So this one is still a bit up in the air. But no matter whether the fish is used as a drug or a simple toy, given how toxic it is, it’s definitely dangerous.

These are a few of the more unusual stories of animals binging, but they’re certainly not the only ones. Jaguars like to chew on the roots of yagé vines — a main component of the hallucinogenic brew ayahuasca — and their diminutive cousins love catnip. And, well, humans are animals too. While it’s definitely a lot of fun reading about their shenanigans, hangovers aren’t, so enjoy your own real-life shenanigans in moderation.

New Zealand parrots can assess probabilities to make the best decision

The kea (Nestor notabilis) is a large parrot in the family Nestoridae found in the forested and alpine regions of the South Island of New Zealand. They’re noisy, lively birds that move around awkwardly by hopping sideways in order to move forward. They’re also very playful, inquisitive, brave, and — as a new study has shown — have highly flexible intelligence. According to the findings, the parrots use probabilities to make decisions that yield the best decisions for them. Previously, this ability was thought to be exclusive to humans and great apes.

Researchers at the University of Auckland trained six male keas to associate black wooden tokens with tasty rewards and orange tokens with no reward.

Then, the birds were presented with their first test: two transparent jars containing the same overall number of tokens, only one was crammed with black tokens, while the other was mostly orange.

After 20 trials, three birds showed a clear preference for the jar with more black tokens. Up to now, that’s not very surprising since they were conditioned to recognize the reward-offering token.

In the next experiment, however, the parrots showed they actually are a lot more than meets the eye. This time, the two jars were filled with both black and orange tokens. The number of black tokens was the same in both jars, but one of them had slightly more orange tokens. Four birds showed a clear preference, favoring the jar with the greatest ratio of black to orange tokens.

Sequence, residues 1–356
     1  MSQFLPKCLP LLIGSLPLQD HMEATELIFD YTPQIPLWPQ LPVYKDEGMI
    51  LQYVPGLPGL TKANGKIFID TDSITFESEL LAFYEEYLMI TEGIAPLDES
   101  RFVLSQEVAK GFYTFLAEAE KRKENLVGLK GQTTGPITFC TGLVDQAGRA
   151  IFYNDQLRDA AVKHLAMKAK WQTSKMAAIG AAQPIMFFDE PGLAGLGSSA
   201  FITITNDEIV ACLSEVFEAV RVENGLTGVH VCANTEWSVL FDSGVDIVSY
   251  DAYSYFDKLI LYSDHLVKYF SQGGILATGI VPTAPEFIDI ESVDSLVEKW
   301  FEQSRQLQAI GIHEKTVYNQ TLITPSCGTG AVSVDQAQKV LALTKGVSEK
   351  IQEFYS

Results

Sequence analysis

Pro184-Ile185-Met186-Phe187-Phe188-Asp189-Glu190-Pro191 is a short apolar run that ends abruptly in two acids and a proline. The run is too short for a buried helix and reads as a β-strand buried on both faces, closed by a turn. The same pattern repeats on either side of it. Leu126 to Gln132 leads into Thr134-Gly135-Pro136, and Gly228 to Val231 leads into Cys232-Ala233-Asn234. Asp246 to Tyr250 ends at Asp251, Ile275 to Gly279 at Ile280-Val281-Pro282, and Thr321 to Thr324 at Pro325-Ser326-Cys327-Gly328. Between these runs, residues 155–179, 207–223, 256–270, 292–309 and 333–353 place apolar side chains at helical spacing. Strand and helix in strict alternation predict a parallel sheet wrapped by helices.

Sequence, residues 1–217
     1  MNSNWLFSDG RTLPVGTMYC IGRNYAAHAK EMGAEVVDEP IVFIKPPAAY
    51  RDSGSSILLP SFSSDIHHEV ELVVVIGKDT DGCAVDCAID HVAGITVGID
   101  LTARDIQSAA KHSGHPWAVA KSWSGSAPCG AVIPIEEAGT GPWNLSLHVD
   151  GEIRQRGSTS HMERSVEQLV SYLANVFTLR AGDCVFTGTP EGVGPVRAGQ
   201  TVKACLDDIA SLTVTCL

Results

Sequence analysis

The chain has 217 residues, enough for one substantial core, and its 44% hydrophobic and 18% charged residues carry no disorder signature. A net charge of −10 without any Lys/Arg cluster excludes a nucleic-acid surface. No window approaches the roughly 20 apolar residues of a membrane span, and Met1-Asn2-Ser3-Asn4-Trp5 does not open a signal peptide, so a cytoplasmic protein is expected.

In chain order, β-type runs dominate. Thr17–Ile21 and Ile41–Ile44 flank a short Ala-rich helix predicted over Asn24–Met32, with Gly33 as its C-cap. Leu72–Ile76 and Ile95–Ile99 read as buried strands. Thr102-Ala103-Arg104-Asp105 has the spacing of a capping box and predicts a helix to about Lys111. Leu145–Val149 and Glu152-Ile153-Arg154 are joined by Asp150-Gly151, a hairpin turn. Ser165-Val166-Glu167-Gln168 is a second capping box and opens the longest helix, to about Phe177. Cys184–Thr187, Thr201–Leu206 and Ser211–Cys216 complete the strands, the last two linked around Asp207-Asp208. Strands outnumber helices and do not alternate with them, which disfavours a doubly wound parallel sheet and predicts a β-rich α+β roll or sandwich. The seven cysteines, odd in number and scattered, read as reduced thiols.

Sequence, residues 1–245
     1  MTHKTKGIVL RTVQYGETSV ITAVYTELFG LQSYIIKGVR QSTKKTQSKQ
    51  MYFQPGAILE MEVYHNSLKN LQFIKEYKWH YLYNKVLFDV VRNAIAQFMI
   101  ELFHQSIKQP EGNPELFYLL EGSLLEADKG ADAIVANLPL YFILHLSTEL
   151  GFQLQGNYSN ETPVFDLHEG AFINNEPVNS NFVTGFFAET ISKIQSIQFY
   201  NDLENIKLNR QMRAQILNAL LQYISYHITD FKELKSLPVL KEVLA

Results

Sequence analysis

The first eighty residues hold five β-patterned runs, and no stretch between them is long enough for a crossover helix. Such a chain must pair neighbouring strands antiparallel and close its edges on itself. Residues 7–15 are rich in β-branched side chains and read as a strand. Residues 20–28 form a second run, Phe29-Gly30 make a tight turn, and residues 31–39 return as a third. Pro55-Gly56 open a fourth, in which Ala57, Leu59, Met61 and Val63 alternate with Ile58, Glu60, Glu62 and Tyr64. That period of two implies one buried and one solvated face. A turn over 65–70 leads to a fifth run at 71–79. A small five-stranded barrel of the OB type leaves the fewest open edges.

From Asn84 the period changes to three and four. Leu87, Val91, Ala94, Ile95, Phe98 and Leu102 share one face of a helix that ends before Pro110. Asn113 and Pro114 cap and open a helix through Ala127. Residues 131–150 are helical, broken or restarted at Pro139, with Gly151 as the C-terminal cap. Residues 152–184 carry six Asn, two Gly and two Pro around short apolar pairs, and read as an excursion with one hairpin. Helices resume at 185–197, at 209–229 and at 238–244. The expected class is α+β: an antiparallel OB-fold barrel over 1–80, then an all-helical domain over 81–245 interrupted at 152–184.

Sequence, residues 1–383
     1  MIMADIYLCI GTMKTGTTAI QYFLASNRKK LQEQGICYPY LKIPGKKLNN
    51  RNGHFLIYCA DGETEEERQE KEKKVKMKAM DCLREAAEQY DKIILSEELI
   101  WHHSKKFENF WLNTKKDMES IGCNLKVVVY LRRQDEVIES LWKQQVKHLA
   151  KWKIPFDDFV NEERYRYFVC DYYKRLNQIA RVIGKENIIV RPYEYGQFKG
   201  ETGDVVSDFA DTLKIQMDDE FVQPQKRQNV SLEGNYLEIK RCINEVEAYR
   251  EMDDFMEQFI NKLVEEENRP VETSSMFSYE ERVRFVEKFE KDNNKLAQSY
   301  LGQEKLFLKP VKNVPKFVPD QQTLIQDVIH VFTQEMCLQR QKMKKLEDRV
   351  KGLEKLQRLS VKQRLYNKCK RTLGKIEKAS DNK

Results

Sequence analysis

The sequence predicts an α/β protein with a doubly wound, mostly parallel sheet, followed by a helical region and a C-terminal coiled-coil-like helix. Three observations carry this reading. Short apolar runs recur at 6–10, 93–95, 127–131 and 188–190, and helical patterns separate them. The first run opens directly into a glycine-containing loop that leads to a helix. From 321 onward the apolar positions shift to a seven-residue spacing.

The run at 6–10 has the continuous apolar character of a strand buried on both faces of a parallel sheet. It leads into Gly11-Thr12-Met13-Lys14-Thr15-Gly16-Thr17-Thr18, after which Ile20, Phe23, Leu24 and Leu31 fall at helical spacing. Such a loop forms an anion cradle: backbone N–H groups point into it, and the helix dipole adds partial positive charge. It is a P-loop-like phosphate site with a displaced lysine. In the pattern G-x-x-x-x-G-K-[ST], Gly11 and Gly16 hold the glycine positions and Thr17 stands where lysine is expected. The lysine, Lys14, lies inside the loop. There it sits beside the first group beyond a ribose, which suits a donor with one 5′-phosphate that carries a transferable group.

In other words, the keas meant a mental approximation of which jar might contain the most tokens, juggled the probabilities, and picked the jar which they thought had the highest odds of rendering a treat.

Further experiments involving dividers cemented the notion that the birds weren’t simply responding to the actual number of tokens in the jar — they considered the relative likelihood of obtaining a black token.

The keas were even able to pick one of two researchers whom they’d previously watched always taking black token. In other words, they remember who the biased person was.

This kind of flexible intelligence had only been seen before in humans and chimpanzees, the authors wrote in the journal Nature Communications.

Speaking to The Guardian, co-author Alex Taylor of the University of Auckland said that the findings have important implications for unraveling the origins of intelligence (the common ancestor of humans and birds split about 300 million years ago), as well as artificial intelligence.

“One of the holy grails of research on artificial intelligence is the type of commonsense reasoning that humans show, where we bring together multiple sources of information into a single prediction or judgement about what will happen next in the world,” he said. “Our work suggests that aspects of this ability have likely evolved twice on our planet – in primates and birds.”

African grey parrots will help their peers without expecting anything in return

New research at the Max Planck Institute for Ornithology, Germany found that African grey parrots will help their peers even if they don’t gain anything from it. The findings could help inform how altruism and prosocial behavior evolved in humans.

Image credits Found Animals Foundation / Flickr.

Us humans, along with some of our great ape relatives, like to stick together. Part of that involves helping out those in need, even if we don’t get anything back. Such prosocial behavior helps strengthen the bonds between individual members, thus strengthening the group overall, and improving our collective chances to survive and procreate (the end goal of evolution).